Sunday, September 24, 2023

The crisis in Argentina is causing a large exodus of immigrants to the Valencian Community

The economic and social crisis that Argentina is suffering is causing a large exodus of immigrants from the South American country to the Valencian Community. Serious security problems and inflation that exceeded 124% year-on-year in August are prompting thousands of Argentines to look for housing and work in Valencia, Alicante or Castellón. New arrivals are surprised that there are ATMs on the street (unthinkable for them due to the high level of robbery in their country) and that children play safely in the squares. Some communicators are using YouTube’s potential to support Argentinians thinking about emigrating to Spain.

Gonzalo Maluf, Argentine immigrant, confirms the migration boom that Argentina is suffering due to the lack of opportunities that the country offers. Maluf, the grandson of a Cabanyal resident, has lived in Spain for ten years and runs an Argentine empanada restaurant (Malbec) at the intersection of Quart and Teruel streets in Valencia. “The situation in Argentina is worse than when I arrived ten years ago. The first country that Argentines emigrate to because of the language is Spain. “Many people come to the Valencian Community and Valencia in particular because the cost of living is lower than in Madrid and Barcelona and it also has one of the best beaches in Spain.”

The owner of Malbec often interacts in his restaurant with fellow Argentines who have recently arrived in Valencia and agree that they left the country due to the economic crisis and insecurity. “They sell everything they have and come.” What is happening in Argentina is complicated. “People need their children to grow up healthy and in a safe environment,” he says. Maluf, who comes from Buenos Aires, assures that in Argentina it is dangerous for women to walk alone at night because “they could suffer sexual assault.”

Argentine YouTuber Walter Aniston (27,000 subscribers) uses his channel to guide those thinking about making the jump to Spain. Two weeks ago he interviewed a couple in their 50s who have left their entire lives in Argentina because they are fed up with the insecurity and lack of opportunities in the country. The couple (Romina and Martín) have settled in the city of Alicante. His case is an example of what goes through the minds of hundreds of immigrants who arrive in the Valencian Community. “We both had good jobs. It’s not the economy. Things are getting worse socially. “My children grew up on the streets, 7 or 8 year olds can’t do that anymore,” the woman admits to the camera.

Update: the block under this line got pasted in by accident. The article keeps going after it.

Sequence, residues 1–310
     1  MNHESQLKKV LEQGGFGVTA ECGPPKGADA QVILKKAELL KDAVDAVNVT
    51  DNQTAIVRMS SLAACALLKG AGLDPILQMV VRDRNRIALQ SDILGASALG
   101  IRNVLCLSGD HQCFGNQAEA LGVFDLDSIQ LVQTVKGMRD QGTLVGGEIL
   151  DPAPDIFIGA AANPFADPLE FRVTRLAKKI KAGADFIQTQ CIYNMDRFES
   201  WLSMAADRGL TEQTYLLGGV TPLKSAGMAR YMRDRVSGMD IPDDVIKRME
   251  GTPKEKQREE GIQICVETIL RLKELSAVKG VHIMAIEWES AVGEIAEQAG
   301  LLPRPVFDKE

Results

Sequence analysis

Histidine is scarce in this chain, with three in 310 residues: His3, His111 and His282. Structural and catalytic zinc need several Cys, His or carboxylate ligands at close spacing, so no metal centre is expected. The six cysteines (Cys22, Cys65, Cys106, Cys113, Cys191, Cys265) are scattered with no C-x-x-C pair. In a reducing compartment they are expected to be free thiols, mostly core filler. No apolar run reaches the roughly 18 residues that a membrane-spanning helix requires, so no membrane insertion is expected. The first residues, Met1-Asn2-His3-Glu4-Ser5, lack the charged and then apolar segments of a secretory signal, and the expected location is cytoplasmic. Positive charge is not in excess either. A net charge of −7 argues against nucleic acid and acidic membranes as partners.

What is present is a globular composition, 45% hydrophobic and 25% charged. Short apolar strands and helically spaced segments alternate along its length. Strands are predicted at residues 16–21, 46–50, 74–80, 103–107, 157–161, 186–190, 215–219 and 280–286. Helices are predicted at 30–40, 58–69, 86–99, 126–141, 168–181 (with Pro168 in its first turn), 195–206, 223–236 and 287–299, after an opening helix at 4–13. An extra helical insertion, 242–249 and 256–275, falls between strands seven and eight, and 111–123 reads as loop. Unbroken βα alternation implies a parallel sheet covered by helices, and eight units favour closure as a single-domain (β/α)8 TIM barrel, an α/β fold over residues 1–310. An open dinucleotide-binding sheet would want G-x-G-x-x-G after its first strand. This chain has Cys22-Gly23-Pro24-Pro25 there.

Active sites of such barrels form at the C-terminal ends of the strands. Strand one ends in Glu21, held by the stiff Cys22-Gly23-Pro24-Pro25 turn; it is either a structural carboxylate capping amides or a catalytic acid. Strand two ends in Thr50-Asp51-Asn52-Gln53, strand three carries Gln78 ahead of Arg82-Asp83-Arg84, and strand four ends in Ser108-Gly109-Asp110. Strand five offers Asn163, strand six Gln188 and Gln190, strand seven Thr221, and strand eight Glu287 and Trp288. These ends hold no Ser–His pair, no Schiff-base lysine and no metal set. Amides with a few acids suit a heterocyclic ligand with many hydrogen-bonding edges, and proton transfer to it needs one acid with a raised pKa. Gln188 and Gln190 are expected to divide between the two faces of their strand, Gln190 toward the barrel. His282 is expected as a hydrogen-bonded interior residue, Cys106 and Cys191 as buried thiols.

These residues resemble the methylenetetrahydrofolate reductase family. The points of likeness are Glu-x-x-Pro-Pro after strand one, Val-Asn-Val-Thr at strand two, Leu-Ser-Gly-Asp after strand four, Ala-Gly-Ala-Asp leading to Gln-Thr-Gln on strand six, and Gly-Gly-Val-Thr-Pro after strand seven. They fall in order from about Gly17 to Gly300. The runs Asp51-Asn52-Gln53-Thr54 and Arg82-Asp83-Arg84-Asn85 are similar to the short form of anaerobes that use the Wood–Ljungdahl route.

Romina left her three children (ages 18, 19 and 25) behind in Argentina (her ex-husband lives there) because she cannot bear to live in a country with so much uncertainty. From Alicante, he says he is surprised that children play in the streets and that older people go shopping with their handbags in their hands without having to worry about being robbed. “That doesn’t happen in Argentina,” he complains.

Spanish descendants

The majority of newly arrived Argentines are descended from Spanish or Italian emigrants who settled in their country decades ago and have the right to apply for Spanish or Italian citizenship. Once they have a European passport, they can move freely throughout the continent, an important part of which is establishing residency in Spain.


Notarial statistics show that last year people with Italian nationality bought 854 houses in the province of Valencia, surpassing Romanians as the first nationality in sales. Specifically, purchases by people with Italian citizenship increased by 29% in 2022. The Association of Real Estate Agents of the Valencian Community emphasizes that in reality almost all of them are Argentinian, since Valencian agencies hardly work with people born in Italy.

Gonzalo Maluf confirms that many Argentines move to Valencia because, despite having good jobs, they “live almost from day to day”. Here it’s normal to have an iPhone, but there it’s crazy. It is a luxury reserved for the upper class and they must be careful not to show it off too often to avoid being robbed. The manager of the Malbec House admits that renting apartments has become more complicated in recent months because “València is booming”, although it is still a much cheaper city than Madrid or Barcelona.

The social situation in the South American country could worsen in the coming months. The candidate with the best chance of winning the next presidential election is Javier Milei, a right-wing extremist with the profile of Donald Trump who supports the dissolution of the state – with the associated risks to universal education, public health and social services – and the Dollarization of the state sets in economics. .

39.2% of Argentina’s population is poor

According to the latest measurement by Argentina’s National Institute of Statistics and Census (Indec), 39.2% of Argentina’s population lives in poverty. The economic crisis is getting worse every year and many people have to resort to part-time jobs to make ends meet. Eight years ago the poverty rate was 30%. The country’s inflation is accelerating the loss of purchasing power of the middle class.

Nation World News Desk
Nation World News Desk
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